Credit: Ivan Marc/ShutterstockAt the Mobile World Congress conference in Barcelona today, the SD Association announced the new microSD Express standard based on the PCIe and NVMe interfaces.
New SD 7.1 Specification
The SD Association announced the microSD Express interface as part of the new SD 7.1 specification and some manufacturers have already announced microSD cards that support it.
The need for higher-speed microSD has increased primarily due to more smartphones gaining support for 4K resolution video recording at 60 frames per second (fps), as well as for 960 fps slow-motion videos, which can turn into very large files very quickly. Higher-speed microSDs are also increasingly needed for the ever-evolving gaming systems, multi-channel IoT devices, numerous automotive uses, action cameras, 360-degree videos and VR use cases.
Hiroyuki Sakamoto, SDA president, in a statement said: “microSD Express gives the mobile industry a compelling new choice to equip mobile devices with removable SSDs. SD 7.1 prepares consumers and mobile device manufacturers to meet ever increasing storage demands for years to come.”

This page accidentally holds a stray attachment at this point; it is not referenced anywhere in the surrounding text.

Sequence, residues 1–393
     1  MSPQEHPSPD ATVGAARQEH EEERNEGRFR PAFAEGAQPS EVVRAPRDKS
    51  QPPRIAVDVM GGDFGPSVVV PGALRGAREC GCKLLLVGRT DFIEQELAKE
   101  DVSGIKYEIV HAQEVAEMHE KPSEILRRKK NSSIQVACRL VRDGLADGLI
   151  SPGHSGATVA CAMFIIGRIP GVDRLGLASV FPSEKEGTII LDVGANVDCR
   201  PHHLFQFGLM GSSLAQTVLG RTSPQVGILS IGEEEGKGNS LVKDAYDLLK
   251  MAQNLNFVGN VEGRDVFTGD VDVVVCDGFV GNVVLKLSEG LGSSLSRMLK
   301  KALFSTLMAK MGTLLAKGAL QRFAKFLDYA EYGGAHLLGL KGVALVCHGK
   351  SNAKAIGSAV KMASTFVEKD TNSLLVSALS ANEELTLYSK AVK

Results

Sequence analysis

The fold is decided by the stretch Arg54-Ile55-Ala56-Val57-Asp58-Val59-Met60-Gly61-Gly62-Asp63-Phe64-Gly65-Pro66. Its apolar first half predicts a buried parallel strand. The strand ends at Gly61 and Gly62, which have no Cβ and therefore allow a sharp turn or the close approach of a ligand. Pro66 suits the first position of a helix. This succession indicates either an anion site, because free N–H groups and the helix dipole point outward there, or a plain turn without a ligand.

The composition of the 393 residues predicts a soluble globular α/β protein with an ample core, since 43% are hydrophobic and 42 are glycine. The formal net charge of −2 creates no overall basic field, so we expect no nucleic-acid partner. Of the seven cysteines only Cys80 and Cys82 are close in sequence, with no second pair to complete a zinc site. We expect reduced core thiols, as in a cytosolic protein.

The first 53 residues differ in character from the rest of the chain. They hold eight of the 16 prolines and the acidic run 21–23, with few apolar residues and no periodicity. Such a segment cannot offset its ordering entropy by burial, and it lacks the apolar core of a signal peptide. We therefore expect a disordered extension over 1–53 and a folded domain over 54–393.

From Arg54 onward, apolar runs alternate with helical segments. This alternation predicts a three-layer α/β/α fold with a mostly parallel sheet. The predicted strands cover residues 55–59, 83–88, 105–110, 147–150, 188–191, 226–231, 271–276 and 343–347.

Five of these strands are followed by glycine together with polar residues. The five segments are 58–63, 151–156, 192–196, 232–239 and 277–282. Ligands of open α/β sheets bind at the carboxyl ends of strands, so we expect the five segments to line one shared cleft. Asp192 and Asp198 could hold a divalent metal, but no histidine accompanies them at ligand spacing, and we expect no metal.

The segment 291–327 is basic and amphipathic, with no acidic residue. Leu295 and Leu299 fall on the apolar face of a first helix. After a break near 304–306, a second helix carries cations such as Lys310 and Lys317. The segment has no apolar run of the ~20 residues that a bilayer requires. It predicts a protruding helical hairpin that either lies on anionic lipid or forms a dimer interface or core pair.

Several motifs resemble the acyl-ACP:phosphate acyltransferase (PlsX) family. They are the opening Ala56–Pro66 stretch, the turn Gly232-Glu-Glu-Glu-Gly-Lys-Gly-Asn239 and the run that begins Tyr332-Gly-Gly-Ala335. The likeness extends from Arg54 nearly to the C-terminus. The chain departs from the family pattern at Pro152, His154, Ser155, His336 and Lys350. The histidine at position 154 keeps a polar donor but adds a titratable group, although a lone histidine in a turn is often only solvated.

SSD Speeds for microSD Cards
The microSD Express interface uses the PCIe 3.1 and NVMe v1.3 specifications defined by PCI-SIG and NVM Express, respectively. PCIe 3.1 comes with support for low-power states, which enable the low-power implementation of SD Express for mobile devices. The power utilized by microSD Express cards for data transfers is expected to be less than what traditional microSD cards consumed.
The SD Association and NVM Express Inc believe that microSD Express cards could be rapidly embraced in future products as consumers start to treat microSDs more like removable SSDs for their mobile devices.
Amber Huffman, NVM Express Inc. president, said: “NVMe is the industry-recognized performance SSD interface from the client to the data center to mobile, shipping in millions of units. By SDA adopting NVMe technology into the new microSD Express cards, users can experience lower latency and increasingly fast transfer speeds across various applications.”